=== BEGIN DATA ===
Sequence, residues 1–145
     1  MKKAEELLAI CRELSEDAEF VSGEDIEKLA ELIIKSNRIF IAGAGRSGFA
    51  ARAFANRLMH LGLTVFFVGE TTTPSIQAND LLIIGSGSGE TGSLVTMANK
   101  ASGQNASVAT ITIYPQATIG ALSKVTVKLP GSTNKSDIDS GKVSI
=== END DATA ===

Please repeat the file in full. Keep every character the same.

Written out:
Sequence, residues 1–145
     1  MKKAEELLAI CRELSEDAEF VSGEDIEKLA ELIIKSNRIF IAGAGRSGFA
    51  ARAFANRLMH LGLTVFFVGE TTTPSIQAND LLIIGSGSGE TGSLVTMANK
   101  ASGQNASVAT ITIYPQATIG ALSKVTVKLP GSTNKSDIDS GKVSI